Fundraising for charity stymied under COVID-19 lockdown conditions

Sharon Kelley 12 May 2020
Brown dog at RSPCA Million Paws Walk event.

The popular RSPCA Million Paws Walk is just one of many valuable fundraising events cancelled due to COVID-19. Photo: File.

Three of Canberra’s leading non-profit organisations admit that hosting fundraising events in the current COVID-19 lockdown is virtually impossible, but say they are thankful for some silver linings resulting from the situation.

Frontline services look to the post-COVID-19 future

As COVID-19 restrictions begin to ease across the community, frontline services say we'll feel the effects for a long time to come. We spoke to the RSPCA ACT, Menslink and Karinya House about how they are facing the future.

Posted by The RiotACT on Wednesday, 6 May 2020

Karinya House director Marie-Louise Corkhill said her service for women in crisis had to cancel major fundraising activities, including its Karinya House Annual Mother’s Day Gala, while the RSPCA has asked its supporters to safely take dogs for a walk in their neighbourhood or backyard and log their steps to raise funds instead of holding the annual Million Paws Walk as a major event. Menslink, an organisation supporting young men in Canberra, was also forced to cancel its major fundraiser, the 2020 Big Night Out in March.

Martin Fisk from Menslink standing in front of Indigenous artwork.

Menslink CEO Martin Fisk and his team have been forced to cancel their charity organisation’s major fundraiser, the Big Night Out 2020, due to COVID-19. Photo: Supplied.

Menslink CEO Martin Fisk admitted that without government support, most charities would be in financial difficulty.

“I must admit both the ACT Government and the Federal Government have been fantastic,” he said. “If we didn’t have those stimulus packages it would be a very dire situation, I’m sure, for all three of our organisations.”

RSPCA CEO Michelle Robertson said they relied on the community for financial support, and highlighted the benefits to mental health of owning a pet, urging people to adopt an animal from the service.

“As my colleagues have said, we rely on the community so, unfortunately, nothing is looking better on the financial side so we are very reliant on continued support,” she said.

RSPCA CEO Michelle Robertson standing outdoors.

RSPCA CEO Michelle Robertson says charity organisations are very reliant on continued support. Photo: Region Media.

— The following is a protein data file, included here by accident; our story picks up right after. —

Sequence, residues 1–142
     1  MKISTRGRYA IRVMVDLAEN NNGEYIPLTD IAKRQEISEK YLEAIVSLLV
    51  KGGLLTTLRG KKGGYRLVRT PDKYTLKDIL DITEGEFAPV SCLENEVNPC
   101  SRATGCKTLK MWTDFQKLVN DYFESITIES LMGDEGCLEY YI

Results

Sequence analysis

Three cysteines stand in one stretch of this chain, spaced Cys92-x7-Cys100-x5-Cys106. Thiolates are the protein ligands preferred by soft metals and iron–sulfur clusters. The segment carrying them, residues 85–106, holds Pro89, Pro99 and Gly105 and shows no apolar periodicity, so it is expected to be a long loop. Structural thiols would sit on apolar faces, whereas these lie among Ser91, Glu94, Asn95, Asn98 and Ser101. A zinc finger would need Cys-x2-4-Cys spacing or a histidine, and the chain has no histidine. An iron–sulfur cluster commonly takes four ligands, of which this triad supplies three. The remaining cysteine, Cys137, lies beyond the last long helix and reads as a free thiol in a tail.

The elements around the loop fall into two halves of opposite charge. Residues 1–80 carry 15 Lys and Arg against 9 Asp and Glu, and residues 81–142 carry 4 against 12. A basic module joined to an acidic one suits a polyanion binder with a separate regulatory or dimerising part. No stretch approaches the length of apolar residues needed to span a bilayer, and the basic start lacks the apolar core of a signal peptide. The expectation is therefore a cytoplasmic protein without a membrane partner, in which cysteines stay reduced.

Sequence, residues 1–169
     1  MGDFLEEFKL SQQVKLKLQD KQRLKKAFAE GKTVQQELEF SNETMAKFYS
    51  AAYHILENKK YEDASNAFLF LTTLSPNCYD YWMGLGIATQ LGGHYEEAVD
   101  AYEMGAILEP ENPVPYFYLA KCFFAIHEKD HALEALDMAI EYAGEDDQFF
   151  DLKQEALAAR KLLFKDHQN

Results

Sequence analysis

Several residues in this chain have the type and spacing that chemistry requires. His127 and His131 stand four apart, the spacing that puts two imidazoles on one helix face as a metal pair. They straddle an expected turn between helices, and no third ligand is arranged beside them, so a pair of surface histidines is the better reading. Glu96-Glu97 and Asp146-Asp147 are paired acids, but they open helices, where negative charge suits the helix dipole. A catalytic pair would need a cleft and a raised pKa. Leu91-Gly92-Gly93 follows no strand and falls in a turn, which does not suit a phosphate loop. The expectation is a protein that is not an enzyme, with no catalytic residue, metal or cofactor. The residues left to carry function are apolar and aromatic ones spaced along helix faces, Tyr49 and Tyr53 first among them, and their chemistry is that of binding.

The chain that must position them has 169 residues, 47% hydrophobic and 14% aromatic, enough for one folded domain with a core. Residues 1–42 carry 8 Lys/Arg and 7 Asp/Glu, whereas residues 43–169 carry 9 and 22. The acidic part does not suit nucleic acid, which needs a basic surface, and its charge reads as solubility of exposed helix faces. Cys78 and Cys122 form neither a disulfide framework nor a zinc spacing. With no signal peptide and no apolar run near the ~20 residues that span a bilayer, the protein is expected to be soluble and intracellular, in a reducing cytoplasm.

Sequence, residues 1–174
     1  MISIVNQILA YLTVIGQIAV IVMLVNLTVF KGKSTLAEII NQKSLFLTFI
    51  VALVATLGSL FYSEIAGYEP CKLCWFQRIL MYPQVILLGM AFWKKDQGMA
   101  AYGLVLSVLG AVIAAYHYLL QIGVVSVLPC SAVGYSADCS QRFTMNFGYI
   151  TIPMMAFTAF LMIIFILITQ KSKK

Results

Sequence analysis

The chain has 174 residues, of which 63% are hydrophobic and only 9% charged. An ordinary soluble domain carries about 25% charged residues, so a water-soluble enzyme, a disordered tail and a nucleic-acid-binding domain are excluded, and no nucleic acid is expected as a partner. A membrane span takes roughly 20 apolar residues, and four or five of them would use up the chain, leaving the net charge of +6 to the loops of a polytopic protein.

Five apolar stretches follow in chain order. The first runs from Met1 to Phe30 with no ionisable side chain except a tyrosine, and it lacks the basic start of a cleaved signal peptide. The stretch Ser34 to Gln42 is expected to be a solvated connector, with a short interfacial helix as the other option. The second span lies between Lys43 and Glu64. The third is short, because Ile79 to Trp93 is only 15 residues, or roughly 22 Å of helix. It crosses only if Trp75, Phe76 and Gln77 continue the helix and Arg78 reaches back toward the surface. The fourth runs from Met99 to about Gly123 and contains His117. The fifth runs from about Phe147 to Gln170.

“If you are considering adopting – if this is something you have thought about – please adopt. Don’t shop, come and see us. We’ve got animals available every single week. We are not able to work from home because we have to look after the animals in our care.

“But don’t come and visit us if you don’t want to adopt,” she added, referring to COVID-19 social distancing measures.

The charity sector has been forced to embrace information technology, change and innovation, and find different ways to deliver services to clients.

Mr Fisk said he is enjoying holding one-on-one meetings while walking in Canberra, and rather than delivering counselling sessions online by video or teleconference, volunteer mentors are using social distancing and walking to deliver support.

“When all of this came about, we, like every other service, went for everything online – social distancing for everything,” he said. “We went out and asked our mentors, parents and the young guys themselves would they like to go for a walk. We’ve had such an incredible take-up of something as simple as walking around the block.”

Marie-Louise Corkhill standing outside Karinya House.

Marie-Louise Corkhill, director of Karinya House, a service for women in crisis. Photo: Region Media.

Karinya House has also modified how it is working and delivering services.

“I think the main thing is we’ve been pushed into being completely IT savvy,” said Ms Corkhill, “So we’re working from home. We’ve done all sorts of things we haven’t done before.”

Ms Robinson concurs: “We’ve had to change every single way we operate and that brings a whole bunch of challenges because we are resource poor. But luckily we are well practiced at being adaptive and innovative because we don’t have resources. But it has been very, very difficult and there’s still a long road ahead.”

If you would like to support Menslink, the RSPCA or Karinya House, donations can be made through their websites.


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